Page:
4 Sided Sails For The PDRacer Sailboat
In the picture the boat on the far left has a lateen sail, the one in the middle has a balanced lug that uses a high angle yard. The blue boat on the far right has balanced lug more of a moderate angle yard.
The balanced lug is a very popular type of sail used on home built boats. They are simple to make, simple to use, and puts a lot of sail area on a small set of spars. Basically it is a 4 sided sail that has a stick on the top edge (yard) and a stick on the bottom edge (boom). You hoist it from a line tied to the yard. Both the yard and boom extend both fore and aft of the mast, and so it is called a "balanced lug", even though it really isn't balanced on the mast.
One of the things I have noticed about balanced lug sails is they can be made in a variety of shapes and sizes. The yard angle is a big variable that various people employ to get a certain look from the sail. The picture to the right is Marc Blazer's #173 "Bloody Splinter".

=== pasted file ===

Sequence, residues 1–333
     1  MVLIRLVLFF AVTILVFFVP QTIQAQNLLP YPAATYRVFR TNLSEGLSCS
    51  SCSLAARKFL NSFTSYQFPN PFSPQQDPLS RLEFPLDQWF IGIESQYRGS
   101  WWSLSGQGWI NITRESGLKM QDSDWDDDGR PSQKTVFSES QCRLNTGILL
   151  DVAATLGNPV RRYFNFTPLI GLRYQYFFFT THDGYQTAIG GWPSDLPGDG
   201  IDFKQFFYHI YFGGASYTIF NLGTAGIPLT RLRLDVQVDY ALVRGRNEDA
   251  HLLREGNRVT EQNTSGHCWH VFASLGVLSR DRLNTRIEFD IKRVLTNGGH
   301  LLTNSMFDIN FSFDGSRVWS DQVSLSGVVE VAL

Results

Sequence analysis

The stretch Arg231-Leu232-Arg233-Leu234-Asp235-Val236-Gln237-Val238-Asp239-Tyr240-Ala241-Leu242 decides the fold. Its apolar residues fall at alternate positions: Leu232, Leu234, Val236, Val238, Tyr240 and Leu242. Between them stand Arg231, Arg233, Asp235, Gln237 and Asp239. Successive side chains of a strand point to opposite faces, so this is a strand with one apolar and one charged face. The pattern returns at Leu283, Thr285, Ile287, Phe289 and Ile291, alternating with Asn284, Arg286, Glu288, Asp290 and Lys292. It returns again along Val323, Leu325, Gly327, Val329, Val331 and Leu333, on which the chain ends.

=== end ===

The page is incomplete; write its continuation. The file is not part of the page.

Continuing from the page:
While balanced lug sails are very popular to use for recreation, they are not the most competitive sail for racing. For more info, see a comparison of 3 sided VS 4 sided sails on the sailboat racing and performance page.
Standing Lug With Jib
Also 4 sided like a balanced lug sail, has a yard up top, but this sail rig has the tack (forward bottom corner of the sail) attached to the mast.
This sail also has a leech that is rounded outwards with battens to stiffen the trailing edge, it is a trick to get more sail area and help the laminar flow as the wind leaves the sail. This rig also has a jib. This is Joel Rodgers #703
Basic Rectangle Standing Lug
This is a very simple version of the standing lug, easy as can be, it is made from a rectangular tarp. This is one of Jason Nabors's boats #31
Sprit Sail (4 sided, traditional)
This rig has the sail laced to the mast, and a stick that goes diagonally up to hold the peak of the sail. This one has a sprit boom also, but sometimes the sail is used without a boom.
As you can see in this picture, you can even use a perfectly rectangular tarp for your sail.
This sail has it's leading edge (luff) attached to the mast, and has a stick along the top (called a yard).
This is Gordon Seiter #58, note that his duck also has a jib sail attached forward of the mast. If you look a little closer, you will see it has a bow sprit made from a hockey stick. Hehehe....